You already know what to do with a perfect tomato (not much). But because you won't always have access to a bursting garden or farmers market—and sometimes even the lookers turn out to be mealy or mushy anyway—we asked our Chef in Residence Sara Jenkins what she'd do to bring out the best in some of the worst offenders.
Within two hours, this is what she sent back to us.
I'm in love right now with Rachel Roddy's Roman rice-stuffed tomatoes, baked in olive oil with cut-up potatoes nestled in between. Overripe tomatoes are great for this because they should have maximum flavor and their soft, overripe structure will make them bake up perfectly around the rice.
Deep fry them, either breaded or battered—because they are hard, their structure will hold up to frying. I always like my fried food with lemon but yogurt would be awesome, too.
Make a really thick classic gazpacho like they make in Córdoba with lots of bread to thicken and make it creamy. Also squeeze them for juice and use it as a risotto base or to serve fish in the Neapolitan aqua pazza style, poached in tomato water, herbs, and chile (Editor's note: a.k.a. fish in crazy water).
Actually, the sack around the seeds—which also has the most lycopene—is very flavorful, so I don't mind seedy. I'd use these for finely diced salsa, or my favorite summer pasta where you toss hot spaghetti with finely diced, raw, marinated tomatoes (adding garlic, salt, lots of olive oil, a splash of vinegar, and the herb of your choice). I have to say I am very fond of the seed and the jelly around them as a flavor/texture.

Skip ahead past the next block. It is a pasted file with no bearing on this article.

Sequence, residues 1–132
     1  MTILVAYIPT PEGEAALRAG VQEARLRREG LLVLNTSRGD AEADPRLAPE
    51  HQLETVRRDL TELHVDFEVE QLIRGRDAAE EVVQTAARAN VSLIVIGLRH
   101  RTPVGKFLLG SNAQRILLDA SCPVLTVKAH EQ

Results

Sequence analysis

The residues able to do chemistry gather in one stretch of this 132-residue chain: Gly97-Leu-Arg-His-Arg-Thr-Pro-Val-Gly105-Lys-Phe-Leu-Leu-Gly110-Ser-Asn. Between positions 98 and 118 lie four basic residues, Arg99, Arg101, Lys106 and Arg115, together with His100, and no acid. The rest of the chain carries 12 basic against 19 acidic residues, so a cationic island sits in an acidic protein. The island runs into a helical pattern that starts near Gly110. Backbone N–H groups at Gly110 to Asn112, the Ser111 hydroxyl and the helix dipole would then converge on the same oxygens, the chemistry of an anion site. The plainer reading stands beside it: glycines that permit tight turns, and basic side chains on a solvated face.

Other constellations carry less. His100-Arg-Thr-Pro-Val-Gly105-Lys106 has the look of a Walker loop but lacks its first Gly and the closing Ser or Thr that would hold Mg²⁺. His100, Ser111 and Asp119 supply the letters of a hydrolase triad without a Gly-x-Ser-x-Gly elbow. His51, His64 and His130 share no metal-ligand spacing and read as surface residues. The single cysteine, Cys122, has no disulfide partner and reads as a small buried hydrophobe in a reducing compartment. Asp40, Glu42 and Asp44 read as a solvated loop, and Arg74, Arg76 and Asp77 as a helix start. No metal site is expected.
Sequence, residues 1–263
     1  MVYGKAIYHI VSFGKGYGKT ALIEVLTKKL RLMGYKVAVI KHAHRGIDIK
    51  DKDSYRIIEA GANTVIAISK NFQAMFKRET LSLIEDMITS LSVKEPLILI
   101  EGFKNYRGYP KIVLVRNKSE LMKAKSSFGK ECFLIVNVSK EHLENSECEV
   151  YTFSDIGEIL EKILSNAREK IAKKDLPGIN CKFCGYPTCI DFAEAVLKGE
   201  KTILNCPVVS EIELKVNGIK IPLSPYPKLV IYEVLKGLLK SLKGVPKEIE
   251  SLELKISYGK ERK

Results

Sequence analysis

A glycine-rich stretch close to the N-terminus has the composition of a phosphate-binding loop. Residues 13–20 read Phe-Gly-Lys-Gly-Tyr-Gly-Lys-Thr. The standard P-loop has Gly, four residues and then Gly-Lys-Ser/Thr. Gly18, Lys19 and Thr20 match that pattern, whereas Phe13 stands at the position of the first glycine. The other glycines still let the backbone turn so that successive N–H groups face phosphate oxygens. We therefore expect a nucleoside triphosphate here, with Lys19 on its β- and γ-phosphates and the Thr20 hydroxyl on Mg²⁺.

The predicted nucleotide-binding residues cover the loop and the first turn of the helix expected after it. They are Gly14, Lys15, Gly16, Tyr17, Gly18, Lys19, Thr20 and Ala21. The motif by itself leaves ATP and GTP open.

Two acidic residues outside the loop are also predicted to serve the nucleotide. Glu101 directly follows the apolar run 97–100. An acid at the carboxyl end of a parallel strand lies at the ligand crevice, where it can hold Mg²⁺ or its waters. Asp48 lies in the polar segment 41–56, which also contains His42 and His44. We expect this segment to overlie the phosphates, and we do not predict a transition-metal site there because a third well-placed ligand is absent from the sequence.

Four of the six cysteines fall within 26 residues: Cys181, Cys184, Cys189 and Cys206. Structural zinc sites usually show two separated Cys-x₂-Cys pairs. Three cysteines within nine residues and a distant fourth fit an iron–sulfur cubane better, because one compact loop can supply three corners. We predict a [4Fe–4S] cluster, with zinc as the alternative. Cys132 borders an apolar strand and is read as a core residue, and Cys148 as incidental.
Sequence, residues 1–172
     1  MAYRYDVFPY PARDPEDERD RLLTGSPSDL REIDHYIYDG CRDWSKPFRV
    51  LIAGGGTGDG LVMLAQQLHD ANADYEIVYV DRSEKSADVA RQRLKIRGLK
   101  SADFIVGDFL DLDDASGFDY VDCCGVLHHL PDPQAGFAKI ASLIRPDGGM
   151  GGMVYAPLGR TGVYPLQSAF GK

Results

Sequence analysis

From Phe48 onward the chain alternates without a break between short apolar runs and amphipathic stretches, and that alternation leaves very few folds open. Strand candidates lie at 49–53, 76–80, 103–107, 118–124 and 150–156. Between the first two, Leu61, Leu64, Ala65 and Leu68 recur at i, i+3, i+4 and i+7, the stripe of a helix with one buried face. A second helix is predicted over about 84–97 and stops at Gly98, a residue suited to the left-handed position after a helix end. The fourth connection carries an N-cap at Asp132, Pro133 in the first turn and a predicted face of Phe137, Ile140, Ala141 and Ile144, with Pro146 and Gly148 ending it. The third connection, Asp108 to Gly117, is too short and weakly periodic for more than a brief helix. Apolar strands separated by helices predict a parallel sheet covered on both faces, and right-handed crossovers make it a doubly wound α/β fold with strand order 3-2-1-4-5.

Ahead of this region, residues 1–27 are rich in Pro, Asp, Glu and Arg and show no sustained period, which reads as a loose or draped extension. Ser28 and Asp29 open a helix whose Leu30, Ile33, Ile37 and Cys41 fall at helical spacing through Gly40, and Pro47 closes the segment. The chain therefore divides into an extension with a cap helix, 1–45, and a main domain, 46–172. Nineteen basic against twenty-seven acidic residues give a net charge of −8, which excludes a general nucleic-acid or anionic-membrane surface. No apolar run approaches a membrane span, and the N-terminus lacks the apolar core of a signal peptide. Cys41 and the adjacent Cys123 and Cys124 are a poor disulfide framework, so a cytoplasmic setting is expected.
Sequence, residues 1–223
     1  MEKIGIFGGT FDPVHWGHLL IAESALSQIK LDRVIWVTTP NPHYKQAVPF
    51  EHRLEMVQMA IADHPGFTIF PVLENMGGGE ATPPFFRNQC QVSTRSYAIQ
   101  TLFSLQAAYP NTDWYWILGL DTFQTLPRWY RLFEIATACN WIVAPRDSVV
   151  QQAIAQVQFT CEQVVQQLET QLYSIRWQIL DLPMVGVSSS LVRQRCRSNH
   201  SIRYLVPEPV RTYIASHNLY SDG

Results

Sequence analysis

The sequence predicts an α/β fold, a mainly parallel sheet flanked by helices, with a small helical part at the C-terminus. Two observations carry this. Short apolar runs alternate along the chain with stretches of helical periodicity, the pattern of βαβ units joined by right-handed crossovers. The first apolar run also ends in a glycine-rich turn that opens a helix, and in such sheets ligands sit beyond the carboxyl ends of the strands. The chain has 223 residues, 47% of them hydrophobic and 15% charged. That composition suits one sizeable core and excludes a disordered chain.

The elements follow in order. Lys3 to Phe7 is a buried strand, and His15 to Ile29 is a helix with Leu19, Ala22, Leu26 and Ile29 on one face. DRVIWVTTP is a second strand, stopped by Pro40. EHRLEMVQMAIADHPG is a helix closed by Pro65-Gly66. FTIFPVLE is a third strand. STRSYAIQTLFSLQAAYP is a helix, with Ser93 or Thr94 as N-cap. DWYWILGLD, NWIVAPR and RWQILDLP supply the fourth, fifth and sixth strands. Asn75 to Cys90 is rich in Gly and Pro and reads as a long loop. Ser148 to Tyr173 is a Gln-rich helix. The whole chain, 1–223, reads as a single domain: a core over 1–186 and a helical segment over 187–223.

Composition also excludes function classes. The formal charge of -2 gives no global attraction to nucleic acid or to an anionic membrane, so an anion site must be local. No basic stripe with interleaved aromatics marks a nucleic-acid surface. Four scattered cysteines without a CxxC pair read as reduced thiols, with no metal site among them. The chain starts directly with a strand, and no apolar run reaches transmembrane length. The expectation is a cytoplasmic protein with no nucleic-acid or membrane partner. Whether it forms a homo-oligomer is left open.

One of my favorite techniques I've picked up over the years is to grate tomatoes on a box grater for quick access to skinless pulp and juice. It's much easier and faster than blanching, peeling, and dicing, which can get tedious. It's useful for everything from summer tomato sauce to salsa to the base for a vinaigrette. It's also really good with a bunch of lime juice to marinate raw fish in.
I would slice them into thick wheels and roast them in a hot oven with salt and olive oil. Then I'd bake them in a tart using my best friend's mother's recipe. (Editor's note: Yes, we got the recipe, and we'll share it if you ask nicely.) I might also chop the roasted beefsteaks and use them in a salsa or just dress hot spaghetti with them, or pair them on a plate with other summer vegetables like roasted or grilled zucchini.
Cut them in half and salt them, then roast quickly in a very hot oven. They should cook down and concentrate. I would serve them with any kind of protein, or paired with roasted eggplant puree. You can also slow roast them with lots of olive oil and herbs and serve with grilled steak or on top of grilled bread/crostini even with beautiful mozzarella. The slow-roasted are going to break down and be rich and soft, the quick-cooking ones should dry up, concentrate, and intensify in flavor.
Well, these are really my secret vice in January when I'm craving tomatoes and there are none. I think they are great, halved and salted and tossed with salad greens and some sort of grains like farro.
Photo by Mark Weinberg, Design by Tim McSweeney